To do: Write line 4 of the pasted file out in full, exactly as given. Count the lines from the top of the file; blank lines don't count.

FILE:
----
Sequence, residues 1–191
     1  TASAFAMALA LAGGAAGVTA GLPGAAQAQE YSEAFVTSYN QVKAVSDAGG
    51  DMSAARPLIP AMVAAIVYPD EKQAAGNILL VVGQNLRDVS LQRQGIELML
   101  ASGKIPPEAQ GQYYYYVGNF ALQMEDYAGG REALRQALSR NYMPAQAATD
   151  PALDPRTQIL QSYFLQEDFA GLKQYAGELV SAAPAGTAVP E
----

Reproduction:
   101  ASGKIPPEAQ GQYYYYVGNF ALQMEDYAGG REALRQALSR NYMPAQAATD